The two candidates in the 1932 presidential election could not have been more different in both content and style. In a joyless convention, the Republicans renominated Herbert Hoover. In newsreels seen by Americans across the country, Hoover came across as unsmiling and utterly lacking in warmth. He insisted that his policies would eventually lead America out of the Depression, stating that history demonstrated that lulls in the American economy are always followed by upturns. Hoover warned against "mindless experimentation" in the creation of government policies. It should be noted that Hoover was echoing standard economic and political theory of the era.
Hoover's opponent in the election was the Governor of New York, Franklin Delano Roosevelt. Roosevelt was a man of wealth. After serving as Assistant Secretary of the Navy under Woodrow Wilson, Roosevelt unsuccessfully tried to get the vice presidential nomination in 1920. During the summer of 1921, he came down with polio, which left him unable to walk for the rest of his life. Several of Roosevelt's biographers maintain that the mental and physical anguish caused by his polio made Roosevelt much more sensitive to the sufferings of others.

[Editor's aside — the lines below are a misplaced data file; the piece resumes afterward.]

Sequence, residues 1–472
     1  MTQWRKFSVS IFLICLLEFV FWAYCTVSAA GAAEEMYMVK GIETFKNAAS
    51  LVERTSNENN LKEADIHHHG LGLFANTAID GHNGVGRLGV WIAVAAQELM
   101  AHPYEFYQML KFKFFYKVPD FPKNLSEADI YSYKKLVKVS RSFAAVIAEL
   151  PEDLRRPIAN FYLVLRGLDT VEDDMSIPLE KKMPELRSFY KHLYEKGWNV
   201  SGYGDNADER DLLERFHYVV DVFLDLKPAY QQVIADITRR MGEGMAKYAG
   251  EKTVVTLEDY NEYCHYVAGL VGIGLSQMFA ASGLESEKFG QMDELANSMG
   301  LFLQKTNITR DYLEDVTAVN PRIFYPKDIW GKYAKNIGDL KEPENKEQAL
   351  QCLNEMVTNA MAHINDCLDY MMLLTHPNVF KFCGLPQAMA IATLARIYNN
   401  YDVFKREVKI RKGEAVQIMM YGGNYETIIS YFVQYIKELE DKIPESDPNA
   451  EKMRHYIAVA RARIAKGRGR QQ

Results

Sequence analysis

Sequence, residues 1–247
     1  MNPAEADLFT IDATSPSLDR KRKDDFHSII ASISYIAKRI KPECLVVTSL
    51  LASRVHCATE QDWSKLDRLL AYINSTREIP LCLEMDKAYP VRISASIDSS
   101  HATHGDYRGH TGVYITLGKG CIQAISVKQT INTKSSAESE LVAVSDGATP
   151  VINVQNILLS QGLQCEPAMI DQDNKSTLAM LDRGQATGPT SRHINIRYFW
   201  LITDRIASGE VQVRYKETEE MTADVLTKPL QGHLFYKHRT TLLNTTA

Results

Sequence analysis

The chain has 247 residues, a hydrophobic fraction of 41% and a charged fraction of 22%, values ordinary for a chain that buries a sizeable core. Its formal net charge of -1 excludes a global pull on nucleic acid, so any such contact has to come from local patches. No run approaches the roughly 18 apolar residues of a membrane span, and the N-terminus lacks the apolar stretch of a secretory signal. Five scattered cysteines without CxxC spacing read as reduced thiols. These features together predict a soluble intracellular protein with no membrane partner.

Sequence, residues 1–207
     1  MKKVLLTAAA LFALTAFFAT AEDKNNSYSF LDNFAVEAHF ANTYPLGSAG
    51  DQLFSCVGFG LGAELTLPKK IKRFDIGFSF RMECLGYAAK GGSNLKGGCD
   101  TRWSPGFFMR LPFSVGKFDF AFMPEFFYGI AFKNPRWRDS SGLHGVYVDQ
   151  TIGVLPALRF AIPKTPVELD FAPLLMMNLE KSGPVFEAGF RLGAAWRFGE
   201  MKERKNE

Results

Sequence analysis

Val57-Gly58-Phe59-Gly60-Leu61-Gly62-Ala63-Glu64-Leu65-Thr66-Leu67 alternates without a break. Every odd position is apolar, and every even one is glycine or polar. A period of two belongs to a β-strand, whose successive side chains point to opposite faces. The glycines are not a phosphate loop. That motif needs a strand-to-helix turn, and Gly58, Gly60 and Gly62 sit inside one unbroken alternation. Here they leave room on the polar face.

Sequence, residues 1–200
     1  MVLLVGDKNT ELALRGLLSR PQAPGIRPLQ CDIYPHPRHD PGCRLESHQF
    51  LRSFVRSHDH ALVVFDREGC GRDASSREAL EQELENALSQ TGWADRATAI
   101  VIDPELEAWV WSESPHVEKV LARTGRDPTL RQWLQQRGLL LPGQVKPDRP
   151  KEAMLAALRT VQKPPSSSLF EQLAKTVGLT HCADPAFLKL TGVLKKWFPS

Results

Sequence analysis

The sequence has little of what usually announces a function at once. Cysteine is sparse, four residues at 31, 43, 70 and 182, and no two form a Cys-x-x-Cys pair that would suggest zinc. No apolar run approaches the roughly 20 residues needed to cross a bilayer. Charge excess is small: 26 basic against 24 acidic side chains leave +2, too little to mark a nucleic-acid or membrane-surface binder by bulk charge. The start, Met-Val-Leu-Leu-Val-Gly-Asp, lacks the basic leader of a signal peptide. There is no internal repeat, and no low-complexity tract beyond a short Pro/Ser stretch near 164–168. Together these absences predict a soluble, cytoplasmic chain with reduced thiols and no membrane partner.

Franklin Roosevelt married a distant cousin, Eleanor Roosevelt, in 1905. While Franklin spent much of the 1920s attempting to recover from polio in Warm Springs, Georgia, Eleanor became a tireless worker in New York state politics, pushing for governmental reform and better conditions for working women. The role that Eleanor Roosevelt played during the presidency of Franklin Roosevelt cannot be overestimated. FDR (this shortening of his name was done by a reporter in 1932) often stated that Eleanor served as his "legs," visiting miners, schools, and countless other groups. Eleanor also discussed policy with Roosevelt and continually urged him to do more to offset the effects of the Depression.